Why would an online auction company be interested in buying an internet telephone company?
Numerous industry experts are trying to answer that question after learning yesterday that eBay - the undisputed leader in online auction services - is reportedly in talks to acquire one of the world's largest providers of free VoIP (voice over IP) services.
The head-scratching was prompted by a report in The Wall Street Journal that claimed eBay is considering paying between $2bn and $3bn to acquire Skype. The report quoted unnamed sources familiar with the talks.
Skype, which has held talks with other potential suitors, is tightlipped. "We don't comment on rumours," said Skype spokeswoman Kat James, in an email.
EBay could not be immediately reached for comment.
That Skype is talking to another prospective buyer shouldn't surprise anyone. The Luxembourg-based VoIP service provider has already held negotiations with a number of interested buyers, including Microsoft and Yahoo, but none of these talks have led to deals.
And that eBay is snooping around the market for a good buy should equally come as no big surprise. As its core online auction business matures, the company has been looking to expand into new product areas and international markets.
Analysts, however, have mixed opinions on whether a hook-up between the two internet companies is a good or bad thing for their business development - and their customers.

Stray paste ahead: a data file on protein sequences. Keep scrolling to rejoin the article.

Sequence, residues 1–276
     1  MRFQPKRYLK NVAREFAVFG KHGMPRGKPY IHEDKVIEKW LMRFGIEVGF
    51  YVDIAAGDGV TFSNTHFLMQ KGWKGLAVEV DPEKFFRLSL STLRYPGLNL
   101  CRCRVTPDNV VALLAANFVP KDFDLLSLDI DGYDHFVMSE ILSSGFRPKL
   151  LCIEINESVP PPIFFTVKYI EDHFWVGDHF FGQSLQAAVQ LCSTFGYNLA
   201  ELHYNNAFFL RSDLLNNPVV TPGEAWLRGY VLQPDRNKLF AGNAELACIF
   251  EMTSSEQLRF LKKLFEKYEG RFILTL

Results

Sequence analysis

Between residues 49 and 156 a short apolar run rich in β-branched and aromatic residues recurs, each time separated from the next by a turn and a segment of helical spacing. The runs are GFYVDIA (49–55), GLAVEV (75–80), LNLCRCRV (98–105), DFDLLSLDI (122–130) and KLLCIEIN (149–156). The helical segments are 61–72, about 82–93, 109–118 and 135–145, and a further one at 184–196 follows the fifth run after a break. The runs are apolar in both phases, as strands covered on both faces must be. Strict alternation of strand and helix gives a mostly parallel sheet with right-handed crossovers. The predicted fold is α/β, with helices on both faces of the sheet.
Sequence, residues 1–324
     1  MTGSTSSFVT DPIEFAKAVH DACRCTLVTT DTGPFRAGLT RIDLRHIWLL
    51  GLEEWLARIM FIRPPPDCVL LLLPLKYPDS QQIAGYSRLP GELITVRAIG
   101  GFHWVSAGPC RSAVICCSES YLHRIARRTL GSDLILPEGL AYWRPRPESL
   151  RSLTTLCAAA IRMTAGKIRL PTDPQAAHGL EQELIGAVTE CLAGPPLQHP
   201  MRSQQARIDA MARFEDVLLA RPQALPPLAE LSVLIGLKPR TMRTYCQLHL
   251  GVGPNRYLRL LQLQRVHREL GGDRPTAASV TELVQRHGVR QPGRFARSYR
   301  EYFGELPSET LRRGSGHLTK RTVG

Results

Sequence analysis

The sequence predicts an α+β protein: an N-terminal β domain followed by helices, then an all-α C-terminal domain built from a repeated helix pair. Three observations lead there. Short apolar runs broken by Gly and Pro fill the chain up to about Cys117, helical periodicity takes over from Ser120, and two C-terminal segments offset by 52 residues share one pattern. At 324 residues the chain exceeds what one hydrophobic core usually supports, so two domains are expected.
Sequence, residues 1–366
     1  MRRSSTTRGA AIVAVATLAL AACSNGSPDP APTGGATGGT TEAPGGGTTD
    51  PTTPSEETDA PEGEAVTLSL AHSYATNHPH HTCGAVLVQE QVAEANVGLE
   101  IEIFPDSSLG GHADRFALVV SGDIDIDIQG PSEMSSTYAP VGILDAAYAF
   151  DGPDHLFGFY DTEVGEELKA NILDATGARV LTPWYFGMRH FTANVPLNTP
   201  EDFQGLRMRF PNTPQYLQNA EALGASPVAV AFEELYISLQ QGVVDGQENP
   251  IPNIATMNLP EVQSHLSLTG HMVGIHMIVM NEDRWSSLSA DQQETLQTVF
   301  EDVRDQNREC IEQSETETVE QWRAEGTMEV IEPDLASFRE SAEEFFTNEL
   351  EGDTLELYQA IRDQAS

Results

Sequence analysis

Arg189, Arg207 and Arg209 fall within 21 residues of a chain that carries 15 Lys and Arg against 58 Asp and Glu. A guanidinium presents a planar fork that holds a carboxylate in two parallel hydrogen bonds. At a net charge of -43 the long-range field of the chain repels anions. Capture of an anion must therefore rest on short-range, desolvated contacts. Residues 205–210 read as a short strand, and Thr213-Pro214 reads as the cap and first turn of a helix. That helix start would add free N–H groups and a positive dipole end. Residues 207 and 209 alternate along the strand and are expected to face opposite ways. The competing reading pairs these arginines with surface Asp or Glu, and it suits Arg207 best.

"I'm not sure if eBay really needs to buy a company like Skype to add another form of communications to its service," said Ian Fogt, senior analyst at Juniper Research. "You don't need to own an email company to encourage users to use this form of communication. A partnership would suffice."
Nor was Fogt convinced about the deal if it is primarily intended to help eBay diversify into new markets. "It would be a courageous move for eBay to expand into this new area; it wouldn't be necessarily wrong, but certainly high risk," he said.
Jeff Kagen, an independent analyst and an authority on telephone services, agrees. "I do not see [eBay-Skype] becoming anything more than one of the small players in the phone business," he commented.
Kagen argues that over the next five to 10 years, most phone customers will remain with traditional telephone and the cable television companies because of their bundled telephone, cable, internet and wireless offers.
These companies will account for roughly 80 percent of the telephone market, including VoIP services, while the smaller, niche players such as eBay-Skype will have the remaining 20 percent.
But Charles Abrams, research director at Gartner, sees opportunities for internet companies such as eBay and Skype, especially in the area of web services.
For both companies to be successful in the long term, he said, they will need to enable customers to develop their own types of applications using web services on a platform provided by eBay, Skype or the two companies together that offers “a competitive, differential advantage”.